After the ritual, we had a simple feast of sorts, sharing salty foods and red wine and having fun as a community (it looks a lot like an outdoors party, in fact!). As always, I only took a few sips and offered the rest as a libation. Even so, I felt a bit “tipsy” and unstable on my feet and I was positively buzzing with the energy of the ritual, despite being dead-tired from the hours of standing. When I got home, I was too charged up to rest so I performed an ecstatic rite for the Wildwood Spirits, a working that brings me in communion with them through the use of a veil, ecstatic dance, and “spirit-talk”*. I thanked them for their aid with the cold and then decided on the spot to use this as a chance to do something I had in mind for a while: request entrance to the Wildwood Realm under their auspices**. I uttered my request and, while still in trance, drew a card from the Wildwood Tarot deck to serve as the answer from the Spirits. It was an overwhelmingly positive and reassuring card, essentially the Spirits screaming “YES!” to me in regards to my request. Deeply moved, I thrice blessed and thanked the Spirits and slowly finished the rite.

Thus concluded the Three Days of Hekate, which began with Her Sacred Fires, continued with the Nomen Rite, and finished with a public Full Moon ritual and a private Wildwood rite. Those three days were filled with potent energies and presences, moving and powerful experiences, and a lot of hope and determination for the future.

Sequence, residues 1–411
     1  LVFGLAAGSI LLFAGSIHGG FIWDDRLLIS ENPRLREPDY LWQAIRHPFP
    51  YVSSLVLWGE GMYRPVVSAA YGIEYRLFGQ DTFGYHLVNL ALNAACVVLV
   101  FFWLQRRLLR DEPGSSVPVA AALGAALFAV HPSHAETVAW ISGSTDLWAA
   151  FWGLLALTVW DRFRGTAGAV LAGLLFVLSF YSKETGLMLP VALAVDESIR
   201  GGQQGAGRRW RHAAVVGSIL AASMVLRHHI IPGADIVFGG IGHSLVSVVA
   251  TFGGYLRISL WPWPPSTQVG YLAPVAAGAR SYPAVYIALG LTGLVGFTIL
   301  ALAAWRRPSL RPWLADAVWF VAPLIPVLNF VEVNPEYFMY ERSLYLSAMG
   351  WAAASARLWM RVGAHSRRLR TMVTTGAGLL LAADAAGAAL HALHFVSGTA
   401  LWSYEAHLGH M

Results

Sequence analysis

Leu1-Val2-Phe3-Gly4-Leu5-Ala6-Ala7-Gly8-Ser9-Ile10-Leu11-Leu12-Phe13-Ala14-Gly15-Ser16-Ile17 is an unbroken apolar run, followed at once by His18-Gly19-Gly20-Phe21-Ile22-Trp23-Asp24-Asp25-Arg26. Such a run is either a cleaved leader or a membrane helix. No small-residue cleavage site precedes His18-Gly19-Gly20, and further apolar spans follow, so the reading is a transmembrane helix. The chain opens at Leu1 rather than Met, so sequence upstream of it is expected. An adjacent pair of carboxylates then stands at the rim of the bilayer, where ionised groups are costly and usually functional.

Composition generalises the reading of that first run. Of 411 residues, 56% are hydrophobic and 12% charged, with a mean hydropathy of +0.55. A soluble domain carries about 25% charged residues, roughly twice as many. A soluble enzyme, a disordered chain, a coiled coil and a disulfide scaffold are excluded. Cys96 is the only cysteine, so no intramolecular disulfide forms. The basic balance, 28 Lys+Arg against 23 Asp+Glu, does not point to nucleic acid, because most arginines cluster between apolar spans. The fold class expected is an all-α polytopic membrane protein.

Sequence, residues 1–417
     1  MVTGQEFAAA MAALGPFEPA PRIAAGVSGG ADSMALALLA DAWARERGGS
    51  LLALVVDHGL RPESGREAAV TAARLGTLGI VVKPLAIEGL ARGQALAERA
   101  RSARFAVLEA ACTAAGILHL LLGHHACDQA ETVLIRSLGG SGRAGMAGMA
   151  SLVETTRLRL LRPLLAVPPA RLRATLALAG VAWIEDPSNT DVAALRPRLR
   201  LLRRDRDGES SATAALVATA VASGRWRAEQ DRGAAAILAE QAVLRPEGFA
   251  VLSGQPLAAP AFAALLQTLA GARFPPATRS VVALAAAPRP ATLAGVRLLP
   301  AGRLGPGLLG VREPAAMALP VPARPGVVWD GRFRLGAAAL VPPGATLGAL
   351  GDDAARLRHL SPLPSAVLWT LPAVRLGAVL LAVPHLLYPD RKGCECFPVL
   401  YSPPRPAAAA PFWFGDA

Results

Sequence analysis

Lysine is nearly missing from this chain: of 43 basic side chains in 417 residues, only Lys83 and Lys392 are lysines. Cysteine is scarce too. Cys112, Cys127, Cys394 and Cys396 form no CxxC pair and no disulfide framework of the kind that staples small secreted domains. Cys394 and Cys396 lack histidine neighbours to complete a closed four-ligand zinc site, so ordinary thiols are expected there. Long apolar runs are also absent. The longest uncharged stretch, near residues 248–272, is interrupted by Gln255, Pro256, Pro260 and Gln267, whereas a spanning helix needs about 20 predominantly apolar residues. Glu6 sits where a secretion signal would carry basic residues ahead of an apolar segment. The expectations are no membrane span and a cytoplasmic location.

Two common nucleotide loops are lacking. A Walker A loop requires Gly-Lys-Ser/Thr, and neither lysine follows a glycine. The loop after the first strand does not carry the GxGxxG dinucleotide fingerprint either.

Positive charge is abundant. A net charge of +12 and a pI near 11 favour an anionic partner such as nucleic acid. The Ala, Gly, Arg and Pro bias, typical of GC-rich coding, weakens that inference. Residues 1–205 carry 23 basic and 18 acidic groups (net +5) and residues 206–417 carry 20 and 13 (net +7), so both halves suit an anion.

*Spirit-talk: Speaking while in trance and communion with Gods or Spirits, with minimal control over my speech, allowing the inspiration of the Spirits and the words of my soul to come forth, unhindered by the conscious mind. It is essentially a type of oral automatic writing, as well as a type of channeling and mediumship. The Gods and Spirits don’t possess me or talk through me per se – rather, it is a way for me to open up to their guidance and inspiration completely as well as speak what is True and what comes directly from my soul (thus all speech during spirit-talk is Words of Power and can be considered the same as spell utterances and incantations). It is an important tool in my spirit-work as it allows me to remember what transpires but also to gain insight and gnosis that would otherwise be hidden from me. It also allows me to express my true will, intent and feelings without relying on scripted prayer or invocations or stumbling to find the proper words.